As a full-time college student, he doesn’t have as much time to build for others like he used to, but when he does, he does everything he can to save people money. “I try to make it more affordable for the person,” he adds.

As good as he is at woodworking, his ultimate passion is in the medical field.  As a medic in the army,  he found his passion for healthcare, and he plans to continue on that path. “I’m about to graduate nursing school in August and then I’m going to get my Master’s to be a Nurse Practitioner,” says Laumeyer.

He also wants to raise awareness for PTSD, and he wants to make it known that mental illness is a disease just like any other disease, and it should be taken seriously.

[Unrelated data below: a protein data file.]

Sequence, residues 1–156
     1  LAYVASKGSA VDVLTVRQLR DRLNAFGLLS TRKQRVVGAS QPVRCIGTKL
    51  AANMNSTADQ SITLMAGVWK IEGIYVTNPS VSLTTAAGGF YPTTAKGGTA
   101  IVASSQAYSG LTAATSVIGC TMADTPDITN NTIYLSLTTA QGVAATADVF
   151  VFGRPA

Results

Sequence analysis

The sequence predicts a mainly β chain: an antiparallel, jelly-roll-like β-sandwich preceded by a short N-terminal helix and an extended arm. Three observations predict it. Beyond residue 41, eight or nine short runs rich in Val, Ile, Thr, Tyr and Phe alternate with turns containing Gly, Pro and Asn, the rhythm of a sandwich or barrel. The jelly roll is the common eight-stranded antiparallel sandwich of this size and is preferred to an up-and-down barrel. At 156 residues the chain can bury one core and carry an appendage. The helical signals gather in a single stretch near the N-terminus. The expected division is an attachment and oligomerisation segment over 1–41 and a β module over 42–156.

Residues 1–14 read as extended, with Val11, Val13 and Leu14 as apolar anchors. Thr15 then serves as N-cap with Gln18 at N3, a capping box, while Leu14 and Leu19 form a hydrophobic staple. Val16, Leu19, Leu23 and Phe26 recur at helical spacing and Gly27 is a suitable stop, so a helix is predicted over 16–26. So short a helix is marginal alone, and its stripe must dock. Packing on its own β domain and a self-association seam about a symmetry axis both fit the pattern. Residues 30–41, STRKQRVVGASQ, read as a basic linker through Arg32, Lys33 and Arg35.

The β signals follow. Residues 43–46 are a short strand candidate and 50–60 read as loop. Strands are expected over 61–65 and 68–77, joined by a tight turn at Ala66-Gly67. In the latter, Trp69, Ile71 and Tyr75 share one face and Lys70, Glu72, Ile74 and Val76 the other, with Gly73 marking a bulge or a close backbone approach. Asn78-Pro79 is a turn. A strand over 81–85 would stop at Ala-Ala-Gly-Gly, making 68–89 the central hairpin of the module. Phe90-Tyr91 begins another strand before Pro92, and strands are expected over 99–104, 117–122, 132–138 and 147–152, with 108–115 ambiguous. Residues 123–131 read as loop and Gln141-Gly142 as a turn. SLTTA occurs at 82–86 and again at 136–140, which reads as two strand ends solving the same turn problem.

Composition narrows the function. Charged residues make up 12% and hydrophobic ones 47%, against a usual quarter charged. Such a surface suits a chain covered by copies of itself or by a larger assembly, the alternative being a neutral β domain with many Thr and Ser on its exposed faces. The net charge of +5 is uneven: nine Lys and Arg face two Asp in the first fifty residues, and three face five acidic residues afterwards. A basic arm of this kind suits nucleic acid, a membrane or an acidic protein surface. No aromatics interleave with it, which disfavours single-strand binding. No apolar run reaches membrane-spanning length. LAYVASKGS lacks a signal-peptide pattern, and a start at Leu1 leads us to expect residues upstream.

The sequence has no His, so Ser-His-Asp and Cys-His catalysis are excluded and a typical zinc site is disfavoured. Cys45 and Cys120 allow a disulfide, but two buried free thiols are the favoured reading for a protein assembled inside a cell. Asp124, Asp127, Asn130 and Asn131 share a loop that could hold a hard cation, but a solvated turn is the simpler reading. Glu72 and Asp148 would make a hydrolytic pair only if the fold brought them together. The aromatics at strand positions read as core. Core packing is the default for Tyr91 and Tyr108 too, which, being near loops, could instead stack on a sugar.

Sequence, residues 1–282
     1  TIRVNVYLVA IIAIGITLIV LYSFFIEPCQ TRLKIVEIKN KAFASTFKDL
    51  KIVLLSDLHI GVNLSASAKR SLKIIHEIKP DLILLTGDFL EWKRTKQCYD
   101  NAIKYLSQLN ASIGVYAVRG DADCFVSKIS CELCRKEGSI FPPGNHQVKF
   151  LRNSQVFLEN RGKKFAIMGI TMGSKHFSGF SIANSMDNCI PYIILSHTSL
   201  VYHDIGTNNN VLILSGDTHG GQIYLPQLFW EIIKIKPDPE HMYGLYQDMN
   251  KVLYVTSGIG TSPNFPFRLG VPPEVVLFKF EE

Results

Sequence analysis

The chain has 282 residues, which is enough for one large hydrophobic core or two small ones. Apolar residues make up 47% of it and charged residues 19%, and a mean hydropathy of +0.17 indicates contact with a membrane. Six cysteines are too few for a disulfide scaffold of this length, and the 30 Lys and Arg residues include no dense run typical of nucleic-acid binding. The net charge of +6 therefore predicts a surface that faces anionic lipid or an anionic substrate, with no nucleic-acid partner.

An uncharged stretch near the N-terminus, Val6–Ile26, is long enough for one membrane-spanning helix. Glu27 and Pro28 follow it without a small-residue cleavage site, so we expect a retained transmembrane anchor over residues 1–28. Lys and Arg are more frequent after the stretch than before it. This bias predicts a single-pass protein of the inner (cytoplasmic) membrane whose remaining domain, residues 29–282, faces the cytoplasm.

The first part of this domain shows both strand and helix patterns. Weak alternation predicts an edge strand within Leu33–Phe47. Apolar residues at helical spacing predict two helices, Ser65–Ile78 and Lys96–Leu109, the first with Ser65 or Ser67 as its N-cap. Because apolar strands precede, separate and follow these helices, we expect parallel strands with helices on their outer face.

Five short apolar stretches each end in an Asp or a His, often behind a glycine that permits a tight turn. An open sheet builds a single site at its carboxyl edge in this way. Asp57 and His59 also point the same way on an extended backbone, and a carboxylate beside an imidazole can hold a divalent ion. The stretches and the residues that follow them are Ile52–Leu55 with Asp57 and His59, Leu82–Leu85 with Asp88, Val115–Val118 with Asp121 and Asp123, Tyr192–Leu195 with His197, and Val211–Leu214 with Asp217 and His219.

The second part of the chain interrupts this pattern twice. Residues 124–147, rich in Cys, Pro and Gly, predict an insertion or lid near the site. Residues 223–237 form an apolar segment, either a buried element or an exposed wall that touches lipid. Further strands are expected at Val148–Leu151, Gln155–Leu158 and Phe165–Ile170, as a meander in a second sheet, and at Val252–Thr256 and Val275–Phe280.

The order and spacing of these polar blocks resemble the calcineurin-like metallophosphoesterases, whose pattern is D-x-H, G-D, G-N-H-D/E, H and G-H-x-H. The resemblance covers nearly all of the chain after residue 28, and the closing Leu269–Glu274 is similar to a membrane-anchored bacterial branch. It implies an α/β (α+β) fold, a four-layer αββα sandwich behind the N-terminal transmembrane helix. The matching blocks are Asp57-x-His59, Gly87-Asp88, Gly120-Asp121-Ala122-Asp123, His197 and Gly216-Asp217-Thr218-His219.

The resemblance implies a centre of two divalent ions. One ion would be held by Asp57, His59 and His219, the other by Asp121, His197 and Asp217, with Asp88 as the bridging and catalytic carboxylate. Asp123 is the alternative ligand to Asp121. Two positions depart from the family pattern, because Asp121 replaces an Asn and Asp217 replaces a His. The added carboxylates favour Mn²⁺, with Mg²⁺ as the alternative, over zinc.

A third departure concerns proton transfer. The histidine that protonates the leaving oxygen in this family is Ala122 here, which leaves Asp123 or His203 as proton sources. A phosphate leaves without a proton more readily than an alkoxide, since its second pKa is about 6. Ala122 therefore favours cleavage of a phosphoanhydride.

He urges anyone who thinks they have symptoms of PTSD to see a doctor and get help. “I got off active duty in 2014 and didn’t seek treatment until late 2016.  It’s the stigma of PTSD that, like many others, scared me from seeking help,” he says. “I’ve seen so many take their lives, both military and non-military, just because they didn’t seek help.”

During his first deployment, his team was hit with mortars, and his truck got hit with a grenade during the first day of missions, badly injuring a fellow soldier. “Second deployment, we lost six people in two helicopter crashes, and I was doing training on flight line when I suffered a TBI from a flying sheet of plywood,” Laumeyer recalls.

Even after seeing and experiencing such trauma, he still didn’t realize he was having symptoms of post traumatic stress disorder right away. But when his anxiety, fear, and hypervigilance started getting in the way of life, he realized he needed to talk to someone.

“I felt like there was a threat everywhere I went,” he explains. In addition to nightmares and anxiety, he developed a fear of crowds and felt a sense of danger everywhere he went, which finally lead him to seek help at the VA.